Strategies for Communicating Social Science and Humanities Research to Medical Practitioners

  • Justin Gagnon McGill University
  • Maud Mazaniello-Chezol McGill University
  • Joshua Hamzeh McGill University
  • Kathleen Rice McGill University
Keywords: qualitative health research, communication, medical journals, epistemological paradigm, recommendations, knowledge transfer

Abstract

Social science and humanities (SSH) researchers face challenges publishing qualitative research in medical journals. Yet, the descriptive, explanatory, experiential and interpretive knowledge generated by qualitative research is integral to the enhancement of health service delivery. Drawing on three examples of studies published in medical and SSH journals, we discuss elements SSH researchers can consider in the presentation of their research to better reach their intended audience. We suggest that SSH researchers resist abandoning the foundational elements of their discipline (i.e., epistemological paradigm, research objectives, study design, research methods, trustworthiness) while being mindful of medical journal editors' and reviewers' preference for practical knowledge that can inform practice change. Depending on what the authors hope to convey to their audience, other aspects pertaining to its presentation may be adapted to be more readily understood by the readership (i.e., structure, writing style, vocabulary, summary tables, interpretation level). We remain optimistic that if we continue to expose medical audiences to high-quality SSH research, they will learn to embrace diverse standards for research and value its other modes of presentation.

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Author Biographies

Justin Gagnon, McGill University

Justin GAGNON recently completed his Ph.D. in the Department of Family Medicine at McGill University and is currently a postdoctoral fellow in the Department of Community Health Sciences at Université de Sherbrooke. His interests include epistemology, social science methodology, health information technology implementation, public health policy, and chronic disease surveillance.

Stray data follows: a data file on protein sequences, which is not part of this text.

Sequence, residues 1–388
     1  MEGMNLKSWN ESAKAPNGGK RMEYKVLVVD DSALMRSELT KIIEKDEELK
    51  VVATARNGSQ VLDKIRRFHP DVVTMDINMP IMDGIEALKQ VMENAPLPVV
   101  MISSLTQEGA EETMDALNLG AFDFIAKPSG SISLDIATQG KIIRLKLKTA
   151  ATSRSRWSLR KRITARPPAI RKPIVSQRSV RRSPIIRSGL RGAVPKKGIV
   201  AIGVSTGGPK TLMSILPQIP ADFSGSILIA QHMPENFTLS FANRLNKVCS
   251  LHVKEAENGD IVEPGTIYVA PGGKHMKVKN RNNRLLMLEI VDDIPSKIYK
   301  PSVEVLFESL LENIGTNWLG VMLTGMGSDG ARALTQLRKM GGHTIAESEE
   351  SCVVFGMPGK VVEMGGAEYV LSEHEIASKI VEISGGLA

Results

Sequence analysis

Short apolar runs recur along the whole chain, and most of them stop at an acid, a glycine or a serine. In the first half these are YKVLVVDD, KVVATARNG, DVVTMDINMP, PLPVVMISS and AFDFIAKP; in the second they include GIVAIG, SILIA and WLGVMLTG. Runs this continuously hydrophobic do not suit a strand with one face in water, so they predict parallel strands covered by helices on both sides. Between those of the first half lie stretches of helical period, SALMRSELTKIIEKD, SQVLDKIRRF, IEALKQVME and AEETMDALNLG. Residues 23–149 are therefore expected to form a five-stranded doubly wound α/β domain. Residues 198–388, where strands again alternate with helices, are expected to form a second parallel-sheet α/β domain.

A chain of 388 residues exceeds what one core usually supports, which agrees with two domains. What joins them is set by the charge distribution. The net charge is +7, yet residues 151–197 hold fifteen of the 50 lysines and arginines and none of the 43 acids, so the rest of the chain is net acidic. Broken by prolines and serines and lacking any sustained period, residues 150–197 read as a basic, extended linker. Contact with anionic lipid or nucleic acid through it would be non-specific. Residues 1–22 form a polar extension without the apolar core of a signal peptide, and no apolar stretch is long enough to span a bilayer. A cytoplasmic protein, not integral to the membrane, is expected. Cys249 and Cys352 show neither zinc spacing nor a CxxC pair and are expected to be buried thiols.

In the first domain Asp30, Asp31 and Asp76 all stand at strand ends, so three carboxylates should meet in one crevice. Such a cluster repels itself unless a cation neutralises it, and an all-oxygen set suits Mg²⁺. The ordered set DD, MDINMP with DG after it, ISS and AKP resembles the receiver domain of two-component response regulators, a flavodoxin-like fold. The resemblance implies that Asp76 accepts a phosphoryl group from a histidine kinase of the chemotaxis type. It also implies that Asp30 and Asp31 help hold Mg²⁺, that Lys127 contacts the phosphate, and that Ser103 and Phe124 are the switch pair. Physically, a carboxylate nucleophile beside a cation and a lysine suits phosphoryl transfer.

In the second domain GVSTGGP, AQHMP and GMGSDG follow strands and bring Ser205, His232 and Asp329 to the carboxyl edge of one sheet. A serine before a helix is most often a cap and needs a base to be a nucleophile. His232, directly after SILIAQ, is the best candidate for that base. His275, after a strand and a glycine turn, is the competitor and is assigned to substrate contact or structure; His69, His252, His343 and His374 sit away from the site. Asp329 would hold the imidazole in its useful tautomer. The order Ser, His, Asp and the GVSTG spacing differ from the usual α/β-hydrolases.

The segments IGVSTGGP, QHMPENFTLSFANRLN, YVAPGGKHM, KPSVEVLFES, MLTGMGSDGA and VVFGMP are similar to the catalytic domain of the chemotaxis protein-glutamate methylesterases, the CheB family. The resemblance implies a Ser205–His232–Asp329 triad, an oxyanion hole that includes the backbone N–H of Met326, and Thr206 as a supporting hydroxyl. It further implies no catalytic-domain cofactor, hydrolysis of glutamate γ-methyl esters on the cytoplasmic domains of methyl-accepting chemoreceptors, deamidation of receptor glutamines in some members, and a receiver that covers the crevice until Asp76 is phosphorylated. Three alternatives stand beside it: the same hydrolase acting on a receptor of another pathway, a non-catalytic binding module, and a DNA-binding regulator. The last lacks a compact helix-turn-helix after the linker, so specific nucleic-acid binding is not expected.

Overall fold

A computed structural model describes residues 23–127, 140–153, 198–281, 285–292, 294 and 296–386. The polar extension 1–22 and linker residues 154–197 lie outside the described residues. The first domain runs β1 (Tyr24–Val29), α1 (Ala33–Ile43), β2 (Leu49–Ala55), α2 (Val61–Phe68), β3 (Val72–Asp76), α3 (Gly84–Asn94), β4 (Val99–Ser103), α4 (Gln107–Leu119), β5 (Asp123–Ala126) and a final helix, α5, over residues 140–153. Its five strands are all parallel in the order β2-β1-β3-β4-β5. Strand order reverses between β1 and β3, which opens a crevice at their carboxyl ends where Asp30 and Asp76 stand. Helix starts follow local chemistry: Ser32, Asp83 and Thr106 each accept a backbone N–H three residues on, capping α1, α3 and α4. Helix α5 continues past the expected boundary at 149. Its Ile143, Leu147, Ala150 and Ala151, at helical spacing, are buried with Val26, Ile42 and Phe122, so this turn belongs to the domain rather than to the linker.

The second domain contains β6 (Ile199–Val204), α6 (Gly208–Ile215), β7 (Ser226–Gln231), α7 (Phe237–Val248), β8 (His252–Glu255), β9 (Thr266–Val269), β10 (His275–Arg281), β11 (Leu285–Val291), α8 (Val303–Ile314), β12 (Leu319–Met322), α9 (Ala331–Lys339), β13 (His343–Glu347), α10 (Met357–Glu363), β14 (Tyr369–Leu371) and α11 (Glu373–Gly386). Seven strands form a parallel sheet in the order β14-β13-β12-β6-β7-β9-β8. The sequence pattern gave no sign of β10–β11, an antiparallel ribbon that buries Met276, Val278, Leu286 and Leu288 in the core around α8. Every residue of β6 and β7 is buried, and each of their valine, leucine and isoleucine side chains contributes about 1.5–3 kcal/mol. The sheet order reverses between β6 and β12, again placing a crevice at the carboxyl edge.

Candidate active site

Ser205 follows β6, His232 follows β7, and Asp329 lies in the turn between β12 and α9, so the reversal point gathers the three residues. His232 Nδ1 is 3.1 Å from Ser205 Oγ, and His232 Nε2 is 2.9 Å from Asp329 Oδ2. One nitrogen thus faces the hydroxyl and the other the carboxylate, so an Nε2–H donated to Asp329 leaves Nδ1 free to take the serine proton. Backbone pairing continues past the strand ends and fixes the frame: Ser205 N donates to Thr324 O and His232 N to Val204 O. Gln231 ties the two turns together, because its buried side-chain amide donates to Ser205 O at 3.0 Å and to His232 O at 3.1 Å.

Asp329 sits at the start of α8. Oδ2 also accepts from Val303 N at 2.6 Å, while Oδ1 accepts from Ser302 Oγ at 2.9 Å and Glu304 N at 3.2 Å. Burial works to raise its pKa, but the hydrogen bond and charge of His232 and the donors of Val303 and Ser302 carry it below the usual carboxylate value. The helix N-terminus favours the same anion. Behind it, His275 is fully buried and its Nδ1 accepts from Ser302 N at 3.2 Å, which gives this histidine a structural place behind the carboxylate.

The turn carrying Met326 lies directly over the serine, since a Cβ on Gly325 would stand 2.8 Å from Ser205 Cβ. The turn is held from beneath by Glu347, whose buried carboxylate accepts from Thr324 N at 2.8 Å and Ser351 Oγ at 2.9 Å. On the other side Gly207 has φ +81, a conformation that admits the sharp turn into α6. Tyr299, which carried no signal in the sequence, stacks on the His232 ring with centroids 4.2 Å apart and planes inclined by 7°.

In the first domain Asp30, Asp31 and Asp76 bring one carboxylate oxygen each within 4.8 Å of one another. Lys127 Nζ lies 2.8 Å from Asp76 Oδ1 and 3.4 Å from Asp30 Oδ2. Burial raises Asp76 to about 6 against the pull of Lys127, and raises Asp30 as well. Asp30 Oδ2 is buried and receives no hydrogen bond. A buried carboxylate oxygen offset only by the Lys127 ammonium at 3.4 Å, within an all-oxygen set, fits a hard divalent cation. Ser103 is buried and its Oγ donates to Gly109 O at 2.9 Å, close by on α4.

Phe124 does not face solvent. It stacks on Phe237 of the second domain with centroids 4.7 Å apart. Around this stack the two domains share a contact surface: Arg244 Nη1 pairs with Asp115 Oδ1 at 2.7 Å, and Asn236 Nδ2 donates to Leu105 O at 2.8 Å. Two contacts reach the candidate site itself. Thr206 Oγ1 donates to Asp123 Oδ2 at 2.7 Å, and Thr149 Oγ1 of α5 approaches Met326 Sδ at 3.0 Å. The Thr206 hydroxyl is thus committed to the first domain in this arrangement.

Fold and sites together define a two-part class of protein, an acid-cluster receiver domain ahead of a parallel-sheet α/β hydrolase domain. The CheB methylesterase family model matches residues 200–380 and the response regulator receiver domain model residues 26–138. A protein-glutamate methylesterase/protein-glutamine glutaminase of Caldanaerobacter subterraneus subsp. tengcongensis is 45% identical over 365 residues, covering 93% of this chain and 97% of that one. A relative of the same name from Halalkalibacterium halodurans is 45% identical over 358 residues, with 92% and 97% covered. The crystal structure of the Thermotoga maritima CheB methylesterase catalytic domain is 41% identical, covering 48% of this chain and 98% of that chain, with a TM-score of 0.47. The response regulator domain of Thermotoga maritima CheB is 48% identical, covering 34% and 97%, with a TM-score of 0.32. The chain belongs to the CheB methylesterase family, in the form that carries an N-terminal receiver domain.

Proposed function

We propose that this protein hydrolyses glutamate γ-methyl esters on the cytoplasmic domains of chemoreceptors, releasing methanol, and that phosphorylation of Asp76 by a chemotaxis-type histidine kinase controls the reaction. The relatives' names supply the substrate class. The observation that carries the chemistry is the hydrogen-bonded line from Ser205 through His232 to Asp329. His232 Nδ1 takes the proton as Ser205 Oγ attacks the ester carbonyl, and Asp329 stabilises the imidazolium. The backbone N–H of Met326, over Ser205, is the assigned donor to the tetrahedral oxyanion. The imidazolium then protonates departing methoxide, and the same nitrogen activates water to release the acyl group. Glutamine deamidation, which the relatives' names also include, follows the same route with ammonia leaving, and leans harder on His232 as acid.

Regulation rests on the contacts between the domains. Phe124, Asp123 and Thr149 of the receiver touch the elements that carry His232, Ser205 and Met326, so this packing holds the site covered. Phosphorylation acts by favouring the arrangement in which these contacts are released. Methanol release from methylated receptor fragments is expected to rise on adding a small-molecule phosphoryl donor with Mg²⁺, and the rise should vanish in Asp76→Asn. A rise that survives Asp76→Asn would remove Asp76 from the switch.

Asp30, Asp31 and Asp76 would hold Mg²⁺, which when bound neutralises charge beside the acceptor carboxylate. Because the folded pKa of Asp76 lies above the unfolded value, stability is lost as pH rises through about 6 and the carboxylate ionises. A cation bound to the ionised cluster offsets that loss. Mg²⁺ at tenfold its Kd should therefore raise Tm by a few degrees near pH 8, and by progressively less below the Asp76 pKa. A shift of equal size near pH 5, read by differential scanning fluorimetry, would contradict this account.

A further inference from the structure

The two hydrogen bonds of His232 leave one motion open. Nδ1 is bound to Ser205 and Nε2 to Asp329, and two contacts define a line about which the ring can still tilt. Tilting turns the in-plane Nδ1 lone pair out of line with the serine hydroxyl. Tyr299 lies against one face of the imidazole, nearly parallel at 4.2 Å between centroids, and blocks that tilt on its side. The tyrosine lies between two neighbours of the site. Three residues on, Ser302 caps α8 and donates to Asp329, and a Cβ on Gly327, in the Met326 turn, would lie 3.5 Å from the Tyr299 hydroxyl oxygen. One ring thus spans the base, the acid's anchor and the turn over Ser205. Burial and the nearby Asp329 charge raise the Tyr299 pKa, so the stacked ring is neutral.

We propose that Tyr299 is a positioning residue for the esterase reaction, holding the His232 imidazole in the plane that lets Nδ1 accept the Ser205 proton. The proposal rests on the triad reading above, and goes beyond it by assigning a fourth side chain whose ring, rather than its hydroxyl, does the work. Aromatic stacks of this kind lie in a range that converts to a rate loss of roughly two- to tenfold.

Maud Mazaniello-Chezol, McGill University

Maud Mazaniello-Chezol is a Ph.D. candidate in the Department of Family Medicine at McGill University. In her work, she focuses on adolescent and young adult medicine, chronic illnesses, integrated care, mental health, and research methodology.

Joshua Hamzeh, McGill University

Joshua Hamzeh is a Ph.D. candidate in the Department of Family Medicine at McGill University. He is interested in organizational participatory research, partnership evaluation, and questionnaire development and validation.

Kathleen Rice, McGill University

Kathleen Rice is a Ph.D. medical anthropologist and assistant professor in the Department of Family Medicine at McGill University, where she holds the Canada Research Chair in the Medical Anthropology of Primary Care. Her areas of research include rural and remote health, health inequity, critical approaches to health policy, gender issues in healthcare, perinatal care, and chronic pain.

Published
2022-05-30
How to Cite
Gagnon, J., Mazaniello-Chezol, M., Hamzeh, J., & Rice, K. (2022). Strategies for Communicating Social Science and Humanities Research to Medical Practitioners. Forum Qualitative Sozialforschung / Forum: Qualitative Social Research, 23(2). https://doi.org/10.17169/fqs-22.2.3760
Section
Single Contributions